Setting healthy boundaries without judging oneself and feeling guilty is one of the toughest challenges for an abuse survivor. Children in abusive environments develop this feeling that they are bad and it is their fault that they are being abused; they cannot fathom that their caretakers are the wrong party. They develop protective coping mechanisms to preserve their sanity and their sense of trust in their caretakers, to survive.
Judith Herman in her book Trauma and Recovery, talks about two coping mechanisms that children develop:
1. DoubleThink – I order to survive and cope, the child has to hide the abuse from herself.
“The service of this wish, she tries to keep the abuse a secret from herself. The means she has at her disposal are frank denial, voluntary suppression of thoughts, and a legion of dissociative reactions” (p. 74)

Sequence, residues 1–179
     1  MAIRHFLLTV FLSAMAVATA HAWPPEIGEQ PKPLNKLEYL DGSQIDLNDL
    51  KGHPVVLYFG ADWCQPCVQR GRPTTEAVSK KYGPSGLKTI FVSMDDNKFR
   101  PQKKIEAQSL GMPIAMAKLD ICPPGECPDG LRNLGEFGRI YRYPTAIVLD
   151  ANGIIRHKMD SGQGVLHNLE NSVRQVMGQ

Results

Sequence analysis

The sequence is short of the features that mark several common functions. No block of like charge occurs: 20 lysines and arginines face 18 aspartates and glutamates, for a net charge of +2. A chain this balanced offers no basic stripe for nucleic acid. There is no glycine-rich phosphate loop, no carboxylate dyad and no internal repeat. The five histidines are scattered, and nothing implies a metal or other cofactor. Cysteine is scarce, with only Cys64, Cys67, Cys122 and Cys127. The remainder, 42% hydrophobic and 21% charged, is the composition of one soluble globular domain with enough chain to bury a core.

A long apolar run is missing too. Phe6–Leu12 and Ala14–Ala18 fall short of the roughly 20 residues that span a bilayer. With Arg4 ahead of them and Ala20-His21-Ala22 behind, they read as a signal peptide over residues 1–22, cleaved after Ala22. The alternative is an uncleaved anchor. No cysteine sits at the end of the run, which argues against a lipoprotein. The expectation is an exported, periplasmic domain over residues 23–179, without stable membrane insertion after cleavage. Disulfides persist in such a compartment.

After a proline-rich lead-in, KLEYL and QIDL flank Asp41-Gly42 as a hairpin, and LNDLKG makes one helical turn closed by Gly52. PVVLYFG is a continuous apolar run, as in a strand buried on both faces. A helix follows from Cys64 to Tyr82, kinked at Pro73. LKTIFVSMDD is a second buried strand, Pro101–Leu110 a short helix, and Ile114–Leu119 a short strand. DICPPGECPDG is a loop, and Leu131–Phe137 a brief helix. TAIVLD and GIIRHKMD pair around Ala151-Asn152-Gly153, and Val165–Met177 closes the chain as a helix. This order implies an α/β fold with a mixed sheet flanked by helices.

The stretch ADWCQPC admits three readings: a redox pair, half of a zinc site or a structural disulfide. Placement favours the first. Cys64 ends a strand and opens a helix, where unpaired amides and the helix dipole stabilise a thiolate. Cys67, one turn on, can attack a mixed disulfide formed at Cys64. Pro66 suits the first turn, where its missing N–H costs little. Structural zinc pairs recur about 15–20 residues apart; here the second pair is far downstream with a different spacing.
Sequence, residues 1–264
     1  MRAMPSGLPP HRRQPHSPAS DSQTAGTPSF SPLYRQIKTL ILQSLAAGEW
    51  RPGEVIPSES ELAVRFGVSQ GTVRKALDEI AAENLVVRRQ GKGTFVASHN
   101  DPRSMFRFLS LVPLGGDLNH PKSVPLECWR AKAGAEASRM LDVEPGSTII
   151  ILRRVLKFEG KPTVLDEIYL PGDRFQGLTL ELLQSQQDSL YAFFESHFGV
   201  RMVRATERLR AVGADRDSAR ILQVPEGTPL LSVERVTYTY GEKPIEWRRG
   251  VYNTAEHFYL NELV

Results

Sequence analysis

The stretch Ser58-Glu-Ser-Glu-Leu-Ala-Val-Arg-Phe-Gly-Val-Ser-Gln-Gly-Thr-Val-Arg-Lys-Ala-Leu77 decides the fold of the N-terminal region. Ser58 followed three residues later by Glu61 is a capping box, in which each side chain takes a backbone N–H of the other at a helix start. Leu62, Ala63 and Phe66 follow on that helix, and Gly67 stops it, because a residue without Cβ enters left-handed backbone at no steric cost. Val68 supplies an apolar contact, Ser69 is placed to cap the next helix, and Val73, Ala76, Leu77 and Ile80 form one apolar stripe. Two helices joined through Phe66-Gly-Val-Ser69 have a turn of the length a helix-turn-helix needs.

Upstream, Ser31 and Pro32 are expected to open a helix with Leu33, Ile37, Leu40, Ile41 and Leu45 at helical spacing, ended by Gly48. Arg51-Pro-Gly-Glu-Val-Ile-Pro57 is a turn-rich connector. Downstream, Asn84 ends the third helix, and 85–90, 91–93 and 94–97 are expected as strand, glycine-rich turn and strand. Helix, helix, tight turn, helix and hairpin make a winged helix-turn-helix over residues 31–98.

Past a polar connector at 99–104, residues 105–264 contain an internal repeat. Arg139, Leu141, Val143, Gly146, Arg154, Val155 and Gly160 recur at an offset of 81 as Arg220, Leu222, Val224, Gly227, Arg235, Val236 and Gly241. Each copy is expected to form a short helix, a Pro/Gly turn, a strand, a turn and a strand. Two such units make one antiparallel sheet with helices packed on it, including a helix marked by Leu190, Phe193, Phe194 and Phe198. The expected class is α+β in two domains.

2. Double Self – Since the child cannot think that there is something wrong with her abusers, she blames herself and thinks that she is at fault. This innate sense of badness is continuously reinforced in the abusive environment and continues into adulthood, and she cannot shake it off. It leads to enmeshed intimate relationships where there are no boundaries.
There are many deficiencies in self-protection in the abuse survivors.
The idea of saying no to the emotional demands of a parent, spouse, lover, or authority figure may be practically inconceivable. Thus, it is not uncommon to find adult survivors who continue to minister to the wishes and needs of those who once abused them and who continue to permit major intrusions without boundaries or limits. (p. 81)
Reference: Trauma and Recovery by Judith Herman
Only for this article, ‘she’ is used for convenience in writing. It doesn’t imply that the abused children are only girls.